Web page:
Now, you would have expected that the closing with the experienced investor buyers who had plenty of time to do all their due diligence and get their money together would have been a piece of cake. You, however, would have expected wrong.
On Thursday afternoon, a bit after 3:00, I hear from them that they didn't get the HUD 1 from the Title Company until 8:00 Thursday morning. Therefore, they claimed, their investor wasn't going to be able to get me any money until Tuesday. That was going to cost me an additional 2 points, plus a payment of $1,320 - so approximately $4,000. I told them that I'd extend the contract if they covered my cost. After all, I had already bent over backward to work within their time frame. Also, I had cleared out the unit that people had left full of junk, gotten the current tenants to agree to the new rent, gotten the current tenants to sign their old lease as we didn't have a signed copy & gotten them to agree to make up the security deposit that the old landlord had taken in lieu of rent.
Well, they didn't want to pay the additional $4,000, but wanted me to extend it for free. Now, I'd already paid 2 points to a private lender as well as $1,800 in closing costs, rather than calling a cash buyer to close on the 22nd, in order to be able to work with these guys. To put it in monetary terms, I'd already spent $4,400 of my profit. Now, they wanted me to eat $4,000 more? When I'd first talked to them, they told me they could close in 2 or 3 days. When I got the seller to extend the contract, they told me they could close in a week. When they went under contract, they told me they could close in 2 weeks. Suddenly, 25 hours before closing, they needed more time. I had some serious thinking to do.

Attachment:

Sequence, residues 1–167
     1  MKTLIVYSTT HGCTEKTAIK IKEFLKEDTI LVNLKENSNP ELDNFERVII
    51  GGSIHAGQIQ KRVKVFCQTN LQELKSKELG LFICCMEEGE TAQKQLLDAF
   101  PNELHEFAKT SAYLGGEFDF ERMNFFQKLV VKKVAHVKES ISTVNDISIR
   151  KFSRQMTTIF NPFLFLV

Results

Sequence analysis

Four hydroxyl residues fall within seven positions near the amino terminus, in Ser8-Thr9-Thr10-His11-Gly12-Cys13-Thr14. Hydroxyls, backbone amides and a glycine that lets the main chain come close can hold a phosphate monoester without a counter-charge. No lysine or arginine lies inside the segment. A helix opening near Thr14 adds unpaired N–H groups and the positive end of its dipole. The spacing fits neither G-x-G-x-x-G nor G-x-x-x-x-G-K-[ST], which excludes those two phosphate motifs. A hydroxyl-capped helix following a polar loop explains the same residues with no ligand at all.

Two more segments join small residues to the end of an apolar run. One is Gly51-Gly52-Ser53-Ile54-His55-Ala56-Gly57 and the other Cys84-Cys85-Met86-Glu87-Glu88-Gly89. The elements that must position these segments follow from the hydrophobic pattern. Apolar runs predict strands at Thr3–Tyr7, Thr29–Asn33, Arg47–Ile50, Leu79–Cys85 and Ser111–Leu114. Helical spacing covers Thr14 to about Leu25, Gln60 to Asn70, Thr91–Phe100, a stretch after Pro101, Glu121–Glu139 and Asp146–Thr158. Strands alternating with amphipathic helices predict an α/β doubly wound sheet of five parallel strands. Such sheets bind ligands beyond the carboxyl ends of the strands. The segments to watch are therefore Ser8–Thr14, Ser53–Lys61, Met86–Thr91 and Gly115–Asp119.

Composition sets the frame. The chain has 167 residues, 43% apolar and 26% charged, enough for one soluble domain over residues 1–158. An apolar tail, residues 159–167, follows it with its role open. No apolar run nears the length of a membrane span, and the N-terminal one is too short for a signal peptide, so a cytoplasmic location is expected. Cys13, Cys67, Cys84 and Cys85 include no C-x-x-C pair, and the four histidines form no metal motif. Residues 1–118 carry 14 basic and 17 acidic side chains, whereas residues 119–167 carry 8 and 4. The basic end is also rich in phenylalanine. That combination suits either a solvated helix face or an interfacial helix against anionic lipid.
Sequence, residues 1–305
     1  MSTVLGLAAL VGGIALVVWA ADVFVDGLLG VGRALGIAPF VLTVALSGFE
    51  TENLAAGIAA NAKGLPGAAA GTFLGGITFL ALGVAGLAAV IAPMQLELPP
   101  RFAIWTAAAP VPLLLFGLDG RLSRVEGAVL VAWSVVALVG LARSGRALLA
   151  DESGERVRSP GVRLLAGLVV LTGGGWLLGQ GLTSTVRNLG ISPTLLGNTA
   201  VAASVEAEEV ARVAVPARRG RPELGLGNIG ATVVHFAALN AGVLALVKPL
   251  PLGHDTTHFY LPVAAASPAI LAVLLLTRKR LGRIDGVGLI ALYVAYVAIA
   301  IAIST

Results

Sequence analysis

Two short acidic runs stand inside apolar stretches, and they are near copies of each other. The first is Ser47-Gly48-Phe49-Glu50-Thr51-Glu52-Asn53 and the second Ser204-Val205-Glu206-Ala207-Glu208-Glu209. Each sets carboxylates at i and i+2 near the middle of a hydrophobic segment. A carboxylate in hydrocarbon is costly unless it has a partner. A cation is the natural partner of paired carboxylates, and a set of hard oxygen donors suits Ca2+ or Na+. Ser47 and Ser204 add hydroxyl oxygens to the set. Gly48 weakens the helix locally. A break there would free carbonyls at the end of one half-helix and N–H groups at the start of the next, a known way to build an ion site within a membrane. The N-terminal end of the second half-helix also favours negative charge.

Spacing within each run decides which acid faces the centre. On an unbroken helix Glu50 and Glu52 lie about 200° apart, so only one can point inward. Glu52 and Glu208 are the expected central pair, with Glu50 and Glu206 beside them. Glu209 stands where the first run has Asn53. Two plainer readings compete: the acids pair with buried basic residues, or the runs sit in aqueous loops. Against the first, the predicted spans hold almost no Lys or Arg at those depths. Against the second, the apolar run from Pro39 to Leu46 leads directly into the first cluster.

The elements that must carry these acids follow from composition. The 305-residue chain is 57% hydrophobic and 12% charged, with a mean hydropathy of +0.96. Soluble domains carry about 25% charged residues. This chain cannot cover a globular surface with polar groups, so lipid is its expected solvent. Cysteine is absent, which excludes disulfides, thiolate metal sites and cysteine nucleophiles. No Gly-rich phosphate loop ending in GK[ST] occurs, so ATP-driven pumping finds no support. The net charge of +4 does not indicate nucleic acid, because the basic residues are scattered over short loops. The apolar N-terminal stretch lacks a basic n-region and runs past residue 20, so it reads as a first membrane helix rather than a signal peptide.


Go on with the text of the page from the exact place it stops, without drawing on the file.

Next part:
What were my options?
1. Let them have an extension and eat $4,000.
2. Keep it myself, along with their non-refundable $3,000 deposit.
3. Call another buyer and sell it to him on Friday before I had to pay the extra points and payment to the lender.
So, I called the other buyer. He agreed to buy it as long as he could just wire $150,000 and I'd pay his closing costs. In order to do this, I had to get the first buyers to release the contract... which they agreed to do as long as I didn't keep their deposit. So, another $3,000 lesson. Get the money released from escrow as soon as it goes hard. And another one, make it clear up front that there will be a high cost for any extension of the contract. It needs to be built in up front.
I wound up closing with my cash buyer who unfortunately wanted his title policy held open. This cost me over $600 because I had already held open my policy, expecting to turn it over to an end buyer and not incur any additional costs on it. The total amount I made of the $20,000 that I expected after all the expenses was about $11,800. It was a very, very expensive learning experience and I felt pretty beat up last night. I know I made money and that's great, but I just didn't feel like celebrating because the cost was so high.
Well, I have 3 short sales lined up and am going to be on the hunt for more wholesale deals. I've learned a lot from this and am certain that my next deal will be so much smoother. My wonderful Realtor tells me that it would be really hard to top how difficult this one has been.
Until next time...